I had also failed to secure funding in the first round of government loans called the PPP (Paycheck Protection Program), meant to help save small businesses. While helpful in theory, the loans were organized as first come first serve, and frequently the servers would crash while I was applying due to the crush of applications. The battle for financial survival was real. I stayed up at all hours frantically applying for grants. I  applied everywhere, for everything, and cried. I cried a lot. After multiple applications and failed attempts, I tweeted a reporter who helped me secure a loan.

Here is where things get interesting though…I received this loan the week before I gave birth. This loan was meant to be used in 8 weeks immediately post-funding (a funding that you were often not aware was coming–it just showed up) and it also required complicated payroll and legal administration for my twelve employees. I have no HR department or a full-time lawyer. Getting an accountant on the phone took a week…How was I supposed to administer these funds while in the hospital, or with a days-old newborn? The Cares Act, which is the bit of legislation that the PPP (the loan) was part of, made no accommodations for women who might be pregnant, or on maternity leave at the time of their funding. So if I was unable to use the money because I was otherwise occupied creating a human, I would miss out?? It is not a huge accommodation for them to make a single line of text granting exceptions for a business owner on medical leave, but no one even thought about the women owners out there. We are frequently unsupported and overlooked. I spent the week before birth, emailing and calling congress-people trying to get the PPP loan changed so I could use it outside of 8 weeks when I was recovered. I went back to work trying to save my business days after giving birth.

Having children ghosted me in some ways. I became invisible because I could not force my way in by brute alone. Instead, I have to run home and stay home in order to function. As much promise as NY offers; it is also a prison. With my child, I cannot leave my neighborhood if I am not strong enough to carry my child up and down the steps of the subway in a stroller. Certainly now with two, I cannot really go anywhere.  The world is not built for us here. As a woman, I have to run home every 3 hours because there is nowhere to pump breast milk safely if you are out and about. So I have to choose…what is more important, my infant’s health or my right to be out?  Women are frequently overlooked in legislation and in medicine. No doubt when the dosage for the vaccine comes out, that will be based on men as well.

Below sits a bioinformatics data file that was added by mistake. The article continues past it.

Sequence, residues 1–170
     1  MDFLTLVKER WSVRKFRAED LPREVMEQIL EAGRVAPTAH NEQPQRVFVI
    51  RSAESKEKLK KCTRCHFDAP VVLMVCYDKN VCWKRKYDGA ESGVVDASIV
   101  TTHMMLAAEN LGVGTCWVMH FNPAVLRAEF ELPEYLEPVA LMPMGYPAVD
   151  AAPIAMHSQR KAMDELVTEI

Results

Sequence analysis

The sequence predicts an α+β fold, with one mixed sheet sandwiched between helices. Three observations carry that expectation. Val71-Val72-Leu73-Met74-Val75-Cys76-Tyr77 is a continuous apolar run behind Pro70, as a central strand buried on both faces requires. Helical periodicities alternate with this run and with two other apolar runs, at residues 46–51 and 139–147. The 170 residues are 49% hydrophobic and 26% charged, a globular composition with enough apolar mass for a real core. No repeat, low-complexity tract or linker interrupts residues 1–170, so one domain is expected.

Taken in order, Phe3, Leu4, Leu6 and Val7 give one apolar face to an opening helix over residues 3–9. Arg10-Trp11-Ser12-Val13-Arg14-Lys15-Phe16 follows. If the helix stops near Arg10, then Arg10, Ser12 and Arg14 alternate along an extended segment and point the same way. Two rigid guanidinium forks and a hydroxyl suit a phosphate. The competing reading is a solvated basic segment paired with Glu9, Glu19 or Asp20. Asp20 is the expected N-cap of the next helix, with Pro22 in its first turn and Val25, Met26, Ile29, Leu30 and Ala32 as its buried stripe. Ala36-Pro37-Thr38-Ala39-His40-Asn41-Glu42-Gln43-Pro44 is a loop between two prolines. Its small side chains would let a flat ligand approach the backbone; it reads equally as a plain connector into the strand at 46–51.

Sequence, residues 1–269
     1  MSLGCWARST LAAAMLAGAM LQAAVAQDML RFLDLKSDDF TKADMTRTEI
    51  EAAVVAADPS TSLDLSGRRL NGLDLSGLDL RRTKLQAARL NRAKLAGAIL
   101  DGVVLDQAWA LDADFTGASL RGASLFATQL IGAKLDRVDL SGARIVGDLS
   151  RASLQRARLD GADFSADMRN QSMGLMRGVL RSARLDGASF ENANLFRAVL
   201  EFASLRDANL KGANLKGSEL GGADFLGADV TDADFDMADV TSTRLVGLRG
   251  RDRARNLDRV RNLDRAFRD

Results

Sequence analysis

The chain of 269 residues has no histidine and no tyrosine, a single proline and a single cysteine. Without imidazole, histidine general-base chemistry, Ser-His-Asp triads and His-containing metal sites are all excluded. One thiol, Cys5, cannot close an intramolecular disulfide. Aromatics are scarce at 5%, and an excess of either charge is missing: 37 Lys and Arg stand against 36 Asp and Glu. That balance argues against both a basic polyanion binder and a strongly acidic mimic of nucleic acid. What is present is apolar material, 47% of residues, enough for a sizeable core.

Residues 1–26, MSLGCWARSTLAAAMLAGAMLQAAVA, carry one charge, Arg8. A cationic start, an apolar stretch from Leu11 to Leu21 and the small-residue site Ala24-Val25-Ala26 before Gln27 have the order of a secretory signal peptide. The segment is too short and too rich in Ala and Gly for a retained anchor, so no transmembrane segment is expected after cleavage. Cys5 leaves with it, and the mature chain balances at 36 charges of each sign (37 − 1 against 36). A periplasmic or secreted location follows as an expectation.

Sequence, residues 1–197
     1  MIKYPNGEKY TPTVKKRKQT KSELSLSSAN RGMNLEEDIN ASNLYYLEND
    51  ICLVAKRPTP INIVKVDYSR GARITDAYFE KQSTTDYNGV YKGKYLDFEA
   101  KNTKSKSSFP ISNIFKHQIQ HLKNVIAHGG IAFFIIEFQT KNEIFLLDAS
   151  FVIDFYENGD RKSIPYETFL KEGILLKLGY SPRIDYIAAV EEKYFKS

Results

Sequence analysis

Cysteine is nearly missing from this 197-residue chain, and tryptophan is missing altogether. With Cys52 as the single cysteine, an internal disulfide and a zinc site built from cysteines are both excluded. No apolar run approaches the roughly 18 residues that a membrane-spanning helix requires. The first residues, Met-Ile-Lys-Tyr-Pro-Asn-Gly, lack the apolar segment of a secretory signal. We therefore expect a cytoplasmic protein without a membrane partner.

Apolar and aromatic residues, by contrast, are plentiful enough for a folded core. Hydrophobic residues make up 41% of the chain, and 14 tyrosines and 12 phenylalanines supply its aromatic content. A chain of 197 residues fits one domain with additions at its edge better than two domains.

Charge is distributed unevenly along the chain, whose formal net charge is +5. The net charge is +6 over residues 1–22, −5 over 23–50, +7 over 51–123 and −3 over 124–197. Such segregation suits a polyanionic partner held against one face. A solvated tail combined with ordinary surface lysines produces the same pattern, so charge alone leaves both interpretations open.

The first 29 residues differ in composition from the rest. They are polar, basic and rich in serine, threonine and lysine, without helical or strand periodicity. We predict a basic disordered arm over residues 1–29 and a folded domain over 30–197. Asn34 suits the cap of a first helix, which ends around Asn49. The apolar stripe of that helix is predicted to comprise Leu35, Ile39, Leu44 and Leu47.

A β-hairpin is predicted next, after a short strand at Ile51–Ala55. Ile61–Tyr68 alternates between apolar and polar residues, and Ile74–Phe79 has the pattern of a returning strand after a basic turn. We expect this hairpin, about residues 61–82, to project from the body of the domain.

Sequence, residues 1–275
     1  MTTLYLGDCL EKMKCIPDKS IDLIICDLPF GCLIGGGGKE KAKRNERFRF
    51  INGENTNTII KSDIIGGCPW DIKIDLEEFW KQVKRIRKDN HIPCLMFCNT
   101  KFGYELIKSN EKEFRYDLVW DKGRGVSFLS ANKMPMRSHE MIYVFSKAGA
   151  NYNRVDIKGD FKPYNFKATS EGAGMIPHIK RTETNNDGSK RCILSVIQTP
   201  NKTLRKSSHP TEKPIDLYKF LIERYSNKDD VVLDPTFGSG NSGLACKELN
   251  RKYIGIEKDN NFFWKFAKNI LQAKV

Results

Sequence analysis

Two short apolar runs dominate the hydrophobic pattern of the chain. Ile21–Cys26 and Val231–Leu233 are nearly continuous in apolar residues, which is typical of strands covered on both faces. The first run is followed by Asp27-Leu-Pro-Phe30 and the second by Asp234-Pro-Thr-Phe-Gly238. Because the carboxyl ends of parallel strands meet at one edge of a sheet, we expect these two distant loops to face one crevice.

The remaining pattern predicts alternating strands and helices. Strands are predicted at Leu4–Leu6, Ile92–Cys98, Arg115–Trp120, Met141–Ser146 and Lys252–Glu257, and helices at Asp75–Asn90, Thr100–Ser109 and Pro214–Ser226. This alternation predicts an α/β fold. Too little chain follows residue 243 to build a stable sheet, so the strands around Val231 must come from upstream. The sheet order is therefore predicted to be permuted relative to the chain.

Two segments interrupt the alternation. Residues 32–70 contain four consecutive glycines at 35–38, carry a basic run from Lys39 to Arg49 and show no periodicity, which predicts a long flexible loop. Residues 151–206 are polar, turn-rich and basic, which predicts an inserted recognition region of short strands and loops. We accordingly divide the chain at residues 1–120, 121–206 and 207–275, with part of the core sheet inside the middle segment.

The hard part is we have come so far. I remember celebrating when the paid family leave (my maternity leave) rolled out in NY…because finally we had some validation that we deserved some leave by law, but it is not enough. It makes no difference if I have leave, if when the leave is done I do not have child care. It makes no difference if I have leave if I do not have legislation that always considers women might be owners and mothers as well.  Why do we have to fight so hard for such basic things? We are half of the world. I pay my share just as much as anyone. Why have we come so far and it is not much at all??

 

ps. The PPP loan was turned into a 24-month program. I am still struggling at home with work-life balance, trying to save a company while having a newborn.